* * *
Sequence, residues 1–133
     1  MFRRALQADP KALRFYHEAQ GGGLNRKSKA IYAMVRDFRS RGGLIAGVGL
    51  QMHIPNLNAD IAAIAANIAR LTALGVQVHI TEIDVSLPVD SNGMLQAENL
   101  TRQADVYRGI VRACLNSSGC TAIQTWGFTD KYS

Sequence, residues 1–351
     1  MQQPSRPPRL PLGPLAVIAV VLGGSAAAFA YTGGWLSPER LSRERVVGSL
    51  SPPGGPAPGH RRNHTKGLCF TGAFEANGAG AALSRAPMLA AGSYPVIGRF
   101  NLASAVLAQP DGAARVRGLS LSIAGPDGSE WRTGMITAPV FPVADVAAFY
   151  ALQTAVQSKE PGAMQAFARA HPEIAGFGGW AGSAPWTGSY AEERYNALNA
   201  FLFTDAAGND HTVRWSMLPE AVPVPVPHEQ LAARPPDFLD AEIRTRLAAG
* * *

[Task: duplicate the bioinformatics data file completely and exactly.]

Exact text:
Sequence, residues 1–133
     1  MFRRALQADP KALRFYHEAQ GGGLNRKSKA IYAMVRDFRS RGGLIAGVGL
    51  QMHIPNLNAD IAAIAANIAR LTALGVQVHI TEIDVSLPVD SNGMLQAENL
   101  TRQADVYRGI VRACLNSSGC TAIQTWGFTD KYS

Sequence, residues 1–351
     1  MQQPSRPPRL PLGPLAVIAV VLGGSAAAFA YTGGWLSPER LSRERVVGSL
    51  SPPGGPAPGH RRNHTKGLCF TGAFEANGAG AALSRAPMLA AGSYPVIGRF
   101  NLASAVLAQP DGAARVRGLS LSIAGPDGSE WRTGMITAPV FPVADVAAFY
   151  ALQTAVQSKE PGAMQAFARA HPEIAGFGGW AGSAPWTGSY AEERYNALNA
   201  FLFTDAAGND HTVRWSMLPE AVPVPVPHEQ LAARPPDFLD AEIRTRLAAG